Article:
Spate of Fraudulent (and might-as-well-be-fraudulent) Numbers from Law Schools: Why Isn’t the ABA Doing More to Protect Law School Applicants?

In the last week, we’ve been treated to some interesting stories about law schools.  “Interesting” in the nuanced sense that I learned from Minnesotans.  The villains were Villanova and Thomas Cooley.  There is a hero, though: Washington & Lee.

First, the stories.  Villanova reported to the ABA that prior to 2010 it “knowingly reported” inaccurate admissions data to the ABA.  The GPA and LSAT numbers reported falsely are, of course, numbers that prospective law students, pre-law advisors and law school rankings rely on.  It’s just bad news for everyone, but especially Villanova law students, whose law degree and job prospects may well be tarnished by the scandal.  The one thing you shouldn’t be when you spend $35,300 per year for the (now) tied-for67-ranked law school is lied to.  And by the way, if they “knowingly” fabricate to the ABA, are they giving similar disclosure to students to whom they related certain employment information (I’m guessing they didn’t have a pang of conscience over that)?

There are many, many ways,of distorting the truth without actually lying.  Fourth-tier Thomas Cooley devised its own “objective” law school ranking system in which it claims to be a better law school than Chicago, Stanford, Yale, everybody except Harvard.  As Above the Law reports, the criteria it used to create the rankings are preposterous.  My favorites in the category of no-demonstrable-or-even-conceivable-relation-to-educational-quality-or-employment-prospects are the number of library-related criteria, including floor space.  This in an era when virtually all current legal resources are available online, such that some law schools and law firms are drastically reducing library space because it’s wasted real estate.  Thomas Cooley must have a heck of a hard library but if that was ever a major criterion of quality, it was in 1911, not 2011.

The hero of the week is Washington & Lee.  Here’s a school currently ranked in the top 40 (less than 10% more expensive than Villanova, over 30 slots higher in the US News rankings and apparently incomparable in relative veracity) that actually decided to release more transparent employment data.  Their employment data discloses, for example, the proportion of recent graduates with a legal job, not just a job, as well as other helpful data.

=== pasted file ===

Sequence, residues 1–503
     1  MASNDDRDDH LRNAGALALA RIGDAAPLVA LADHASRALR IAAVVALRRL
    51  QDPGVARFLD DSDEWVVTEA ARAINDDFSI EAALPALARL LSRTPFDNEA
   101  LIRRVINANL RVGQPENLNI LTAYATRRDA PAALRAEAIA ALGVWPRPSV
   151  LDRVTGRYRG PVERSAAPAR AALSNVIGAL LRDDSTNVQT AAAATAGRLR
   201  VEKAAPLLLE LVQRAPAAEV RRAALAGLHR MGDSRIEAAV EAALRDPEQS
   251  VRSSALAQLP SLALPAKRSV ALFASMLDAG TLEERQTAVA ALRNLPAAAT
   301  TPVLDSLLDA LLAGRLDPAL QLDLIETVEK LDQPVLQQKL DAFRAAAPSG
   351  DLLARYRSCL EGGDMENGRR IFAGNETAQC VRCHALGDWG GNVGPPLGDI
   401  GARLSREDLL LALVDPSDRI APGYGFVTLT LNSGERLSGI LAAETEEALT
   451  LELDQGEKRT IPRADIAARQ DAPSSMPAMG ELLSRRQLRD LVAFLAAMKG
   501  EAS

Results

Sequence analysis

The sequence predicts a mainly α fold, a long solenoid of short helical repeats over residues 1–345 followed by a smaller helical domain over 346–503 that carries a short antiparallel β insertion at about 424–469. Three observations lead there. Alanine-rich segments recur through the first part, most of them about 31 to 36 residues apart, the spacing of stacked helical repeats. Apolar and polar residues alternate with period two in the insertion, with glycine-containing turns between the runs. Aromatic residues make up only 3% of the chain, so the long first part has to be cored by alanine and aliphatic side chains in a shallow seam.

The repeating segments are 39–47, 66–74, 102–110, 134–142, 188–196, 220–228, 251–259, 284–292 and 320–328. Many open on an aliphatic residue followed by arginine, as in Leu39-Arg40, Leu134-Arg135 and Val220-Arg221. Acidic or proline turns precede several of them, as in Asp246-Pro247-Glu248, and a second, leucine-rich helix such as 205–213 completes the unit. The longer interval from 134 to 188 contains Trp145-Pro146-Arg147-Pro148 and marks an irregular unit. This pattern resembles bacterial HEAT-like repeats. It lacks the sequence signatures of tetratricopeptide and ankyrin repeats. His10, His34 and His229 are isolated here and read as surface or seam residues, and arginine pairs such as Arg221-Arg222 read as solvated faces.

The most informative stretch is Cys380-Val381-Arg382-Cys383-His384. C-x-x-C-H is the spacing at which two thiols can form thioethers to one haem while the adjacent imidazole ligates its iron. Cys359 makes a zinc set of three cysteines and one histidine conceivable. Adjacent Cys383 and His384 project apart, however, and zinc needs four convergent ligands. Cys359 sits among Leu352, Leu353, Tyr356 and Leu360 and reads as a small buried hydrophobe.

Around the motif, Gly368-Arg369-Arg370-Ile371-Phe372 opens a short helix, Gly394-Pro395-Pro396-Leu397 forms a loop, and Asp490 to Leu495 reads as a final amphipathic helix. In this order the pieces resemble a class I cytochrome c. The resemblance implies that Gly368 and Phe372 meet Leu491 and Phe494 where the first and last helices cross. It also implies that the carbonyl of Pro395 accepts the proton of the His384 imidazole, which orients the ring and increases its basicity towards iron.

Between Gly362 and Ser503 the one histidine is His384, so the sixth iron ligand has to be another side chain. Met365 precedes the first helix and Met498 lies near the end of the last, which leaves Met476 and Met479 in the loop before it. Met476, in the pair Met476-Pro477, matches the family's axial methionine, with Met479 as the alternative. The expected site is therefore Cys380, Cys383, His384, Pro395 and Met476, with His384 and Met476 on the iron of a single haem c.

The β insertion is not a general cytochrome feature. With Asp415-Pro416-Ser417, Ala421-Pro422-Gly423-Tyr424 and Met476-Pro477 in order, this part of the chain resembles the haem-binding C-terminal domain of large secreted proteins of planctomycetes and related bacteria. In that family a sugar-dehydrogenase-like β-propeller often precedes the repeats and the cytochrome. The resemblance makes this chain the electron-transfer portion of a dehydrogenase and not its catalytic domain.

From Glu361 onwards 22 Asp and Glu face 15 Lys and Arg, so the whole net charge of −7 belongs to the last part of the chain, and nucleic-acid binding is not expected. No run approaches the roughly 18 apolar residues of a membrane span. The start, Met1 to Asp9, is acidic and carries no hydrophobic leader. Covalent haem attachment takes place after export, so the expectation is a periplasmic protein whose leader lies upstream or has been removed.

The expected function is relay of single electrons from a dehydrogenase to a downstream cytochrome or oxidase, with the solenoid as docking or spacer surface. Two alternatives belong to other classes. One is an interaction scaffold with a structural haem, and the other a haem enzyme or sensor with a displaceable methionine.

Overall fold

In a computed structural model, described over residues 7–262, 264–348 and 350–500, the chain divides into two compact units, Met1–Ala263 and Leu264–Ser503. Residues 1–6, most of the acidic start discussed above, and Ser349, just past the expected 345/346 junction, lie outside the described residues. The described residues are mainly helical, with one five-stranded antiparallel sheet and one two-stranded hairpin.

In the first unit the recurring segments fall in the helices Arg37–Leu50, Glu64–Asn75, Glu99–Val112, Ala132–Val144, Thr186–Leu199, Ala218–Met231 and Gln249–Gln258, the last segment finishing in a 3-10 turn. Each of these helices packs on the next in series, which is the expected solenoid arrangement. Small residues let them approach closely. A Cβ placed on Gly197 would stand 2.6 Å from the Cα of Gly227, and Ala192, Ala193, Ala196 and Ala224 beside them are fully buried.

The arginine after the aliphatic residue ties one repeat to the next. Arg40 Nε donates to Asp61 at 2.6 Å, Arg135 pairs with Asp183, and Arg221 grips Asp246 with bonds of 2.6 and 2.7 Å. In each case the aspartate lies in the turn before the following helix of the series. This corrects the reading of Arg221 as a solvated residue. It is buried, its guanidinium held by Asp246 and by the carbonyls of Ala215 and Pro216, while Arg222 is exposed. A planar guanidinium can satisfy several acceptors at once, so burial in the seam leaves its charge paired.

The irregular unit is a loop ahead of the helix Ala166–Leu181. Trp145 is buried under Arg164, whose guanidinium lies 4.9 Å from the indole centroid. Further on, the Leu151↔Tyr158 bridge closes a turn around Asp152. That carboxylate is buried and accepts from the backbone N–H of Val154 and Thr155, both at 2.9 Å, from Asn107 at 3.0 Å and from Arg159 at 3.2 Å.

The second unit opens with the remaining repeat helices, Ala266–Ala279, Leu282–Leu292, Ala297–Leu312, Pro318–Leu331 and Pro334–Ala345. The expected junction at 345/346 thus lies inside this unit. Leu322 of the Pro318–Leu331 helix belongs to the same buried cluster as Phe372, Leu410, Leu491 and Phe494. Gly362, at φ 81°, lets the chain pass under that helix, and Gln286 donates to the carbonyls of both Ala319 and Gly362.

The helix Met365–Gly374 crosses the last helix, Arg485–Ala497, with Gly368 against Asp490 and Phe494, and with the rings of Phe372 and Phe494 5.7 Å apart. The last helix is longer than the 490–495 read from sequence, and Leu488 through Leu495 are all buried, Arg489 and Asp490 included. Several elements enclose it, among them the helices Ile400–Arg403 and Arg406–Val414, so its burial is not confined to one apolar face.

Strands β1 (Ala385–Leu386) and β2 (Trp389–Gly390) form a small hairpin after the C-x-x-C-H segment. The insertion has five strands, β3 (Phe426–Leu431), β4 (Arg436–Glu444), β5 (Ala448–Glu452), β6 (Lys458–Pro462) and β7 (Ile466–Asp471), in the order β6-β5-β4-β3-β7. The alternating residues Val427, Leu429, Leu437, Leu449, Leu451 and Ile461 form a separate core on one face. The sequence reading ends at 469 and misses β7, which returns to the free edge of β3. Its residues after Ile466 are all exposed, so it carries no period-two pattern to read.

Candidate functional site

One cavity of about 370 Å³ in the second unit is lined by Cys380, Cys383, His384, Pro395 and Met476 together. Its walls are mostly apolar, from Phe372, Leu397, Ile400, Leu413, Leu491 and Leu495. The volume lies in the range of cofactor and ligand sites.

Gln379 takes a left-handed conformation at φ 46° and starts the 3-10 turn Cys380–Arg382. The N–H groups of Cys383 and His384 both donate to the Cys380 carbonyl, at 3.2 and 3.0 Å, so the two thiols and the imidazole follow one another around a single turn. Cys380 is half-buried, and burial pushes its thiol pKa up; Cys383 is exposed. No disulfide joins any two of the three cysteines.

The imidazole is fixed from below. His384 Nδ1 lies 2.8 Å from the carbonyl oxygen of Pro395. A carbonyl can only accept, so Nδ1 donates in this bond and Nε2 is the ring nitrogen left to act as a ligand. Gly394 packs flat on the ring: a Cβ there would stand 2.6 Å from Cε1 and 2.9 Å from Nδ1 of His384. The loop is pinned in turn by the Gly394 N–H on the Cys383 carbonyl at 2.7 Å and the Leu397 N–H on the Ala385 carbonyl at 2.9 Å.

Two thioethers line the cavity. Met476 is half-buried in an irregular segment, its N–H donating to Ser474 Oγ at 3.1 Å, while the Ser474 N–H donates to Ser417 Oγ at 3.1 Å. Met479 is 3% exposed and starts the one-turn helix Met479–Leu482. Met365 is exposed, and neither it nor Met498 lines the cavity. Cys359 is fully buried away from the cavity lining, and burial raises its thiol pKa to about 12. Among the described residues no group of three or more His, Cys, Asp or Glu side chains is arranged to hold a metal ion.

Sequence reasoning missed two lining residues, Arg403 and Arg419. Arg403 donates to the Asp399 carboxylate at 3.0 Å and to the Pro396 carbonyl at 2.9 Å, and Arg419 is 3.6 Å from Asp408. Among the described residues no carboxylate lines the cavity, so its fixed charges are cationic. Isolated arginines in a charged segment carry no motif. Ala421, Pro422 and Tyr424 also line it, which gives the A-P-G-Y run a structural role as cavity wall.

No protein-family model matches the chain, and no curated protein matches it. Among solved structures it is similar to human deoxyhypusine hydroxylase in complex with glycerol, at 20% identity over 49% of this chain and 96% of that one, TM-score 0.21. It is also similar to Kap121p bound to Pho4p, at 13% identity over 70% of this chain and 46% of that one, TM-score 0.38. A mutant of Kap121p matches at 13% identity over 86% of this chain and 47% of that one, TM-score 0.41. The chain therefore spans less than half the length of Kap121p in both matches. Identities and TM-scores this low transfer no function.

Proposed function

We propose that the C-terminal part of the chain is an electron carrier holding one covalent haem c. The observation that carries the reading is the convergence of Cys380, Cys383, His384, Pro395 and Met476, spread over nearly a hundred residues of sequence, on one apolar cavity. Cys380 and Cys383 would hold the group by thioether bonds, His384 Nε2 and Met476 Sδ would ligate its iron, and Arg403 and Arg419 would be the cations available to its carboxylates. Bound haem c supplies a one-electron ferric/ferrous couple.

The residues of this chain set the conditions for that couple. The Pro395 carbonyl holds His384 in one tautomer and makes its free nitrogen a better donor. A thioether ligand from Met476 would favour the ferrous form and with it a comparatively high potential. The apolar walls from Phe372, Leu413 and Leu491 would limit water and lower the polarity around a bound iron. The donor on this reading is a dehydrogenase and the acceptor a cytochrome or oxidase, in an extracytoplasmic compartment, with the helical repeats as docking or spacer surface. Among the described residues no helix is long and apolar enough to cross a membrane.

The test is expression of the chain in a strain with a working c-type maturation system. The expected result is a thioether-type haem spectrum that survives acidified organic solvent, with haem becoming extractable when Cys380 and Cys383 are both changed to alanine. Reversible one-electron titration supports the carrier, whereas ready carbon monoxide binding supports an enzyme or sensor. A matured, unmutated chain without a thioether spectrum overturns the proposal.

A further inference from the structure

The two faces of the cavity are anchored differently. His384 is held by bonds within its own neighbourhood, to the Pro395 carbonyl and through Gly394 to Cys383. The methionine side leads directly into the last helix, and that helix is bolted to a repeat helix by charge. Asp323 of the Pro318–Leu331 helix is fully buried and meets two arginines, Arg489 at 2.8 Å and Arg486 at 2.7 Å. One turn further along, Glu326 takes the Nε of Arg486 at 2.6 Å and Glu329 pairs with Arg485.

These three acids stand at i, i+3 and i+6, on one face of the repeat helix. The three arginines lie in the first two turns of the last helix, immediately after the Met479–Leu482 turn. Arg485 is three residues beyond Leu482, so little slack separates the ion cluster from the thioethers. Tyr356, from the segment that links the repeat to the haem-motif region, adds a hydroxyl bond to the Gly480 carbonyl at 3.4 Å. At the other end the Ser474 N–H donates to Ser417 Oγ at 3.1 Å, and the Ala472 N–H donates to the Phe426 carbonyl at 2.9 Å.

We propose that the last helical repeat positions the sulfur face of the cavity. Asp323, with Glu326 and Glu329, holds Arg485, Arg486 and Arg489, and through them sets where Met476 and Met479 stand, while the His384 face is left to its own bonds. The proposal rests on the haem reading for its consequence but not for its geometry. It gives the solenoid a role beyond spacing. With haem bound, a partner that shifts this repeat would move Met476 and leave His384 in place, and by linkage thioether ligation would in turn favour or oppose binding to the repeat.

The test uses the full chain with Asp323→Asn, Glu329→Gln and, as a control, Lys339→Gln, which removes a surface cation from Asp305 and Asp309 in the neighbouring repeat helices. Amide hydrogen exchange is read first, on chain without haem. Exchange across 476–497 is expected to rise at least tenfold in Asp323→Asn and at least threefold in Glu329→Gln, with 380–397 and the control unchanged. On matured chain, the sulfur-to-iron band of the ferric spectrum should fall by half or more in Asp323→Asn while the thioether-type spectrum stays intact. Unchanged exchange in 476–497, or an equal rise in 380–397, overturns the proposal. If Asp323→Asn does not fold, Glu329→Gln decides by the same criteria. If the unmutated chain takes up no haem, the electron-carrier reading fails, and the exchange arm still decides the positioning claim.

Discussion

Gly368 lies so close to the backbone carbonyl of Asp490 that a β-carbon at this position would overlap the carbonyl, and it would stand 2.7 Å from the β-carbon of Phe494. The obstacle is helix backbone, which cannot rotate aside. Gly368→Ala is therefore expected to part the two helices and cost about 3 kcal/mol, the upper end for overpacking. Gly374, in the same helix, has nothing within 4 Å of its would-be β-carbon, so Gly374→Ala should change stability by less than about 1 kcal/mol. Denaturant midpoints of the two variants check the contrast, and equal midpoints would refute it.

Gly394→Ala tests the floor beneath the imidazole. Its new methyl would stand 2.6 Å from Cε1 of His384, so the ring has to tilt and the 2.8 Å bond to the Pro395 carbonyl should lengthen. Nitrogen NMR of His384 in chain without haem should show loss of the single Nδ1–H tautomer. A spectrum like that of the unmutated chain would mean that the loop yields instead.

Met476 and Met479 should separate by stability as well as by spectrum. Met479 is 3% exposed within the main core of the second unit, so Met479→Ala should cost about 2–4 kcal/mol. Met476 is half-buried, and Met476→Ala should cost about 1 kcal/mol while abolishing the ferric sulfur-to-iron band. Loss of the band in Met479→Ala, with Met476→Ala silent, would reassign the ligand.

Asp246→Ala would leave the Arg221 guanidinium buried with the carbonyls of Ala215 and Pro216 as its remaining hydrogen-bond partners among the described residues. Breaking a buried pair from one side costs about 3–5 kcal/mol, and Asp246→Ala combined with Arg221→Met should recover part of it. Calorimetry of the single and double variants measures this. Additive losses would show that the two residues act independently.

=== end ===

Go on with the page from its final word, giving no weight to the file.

Whether interested in Washington & Lee or not (and the relatively open disclosure, in my view, makes W&L a better choice), every prospective law applicant should take a very careful look at its disclosures.  Why?  Because it’s precisely the kind of data that the ABA doesn’t require all law schools to disclose.  Consequently, almost none of them do, despite the roundhouse criticism of the opacity of law school employment data from this blog, the Law Transparency Project, Above the Law and others who actually care about entering law students.

Washington & Lee doesn’t tell you everything that you want to know as an applicant.  They do tell you a whole lot more than other law schools are telling.  In addition, no matter the granularity of data, there will always be other questions an applicant will want to ask.  I’ve talked about some of those before.  In the best of all worlds, you and a top-flight law school application and admission advisor will still need to develop and carefully execute a strategy for obtaining additional information that puts you in position to know what you need to know to make a wise law school decision.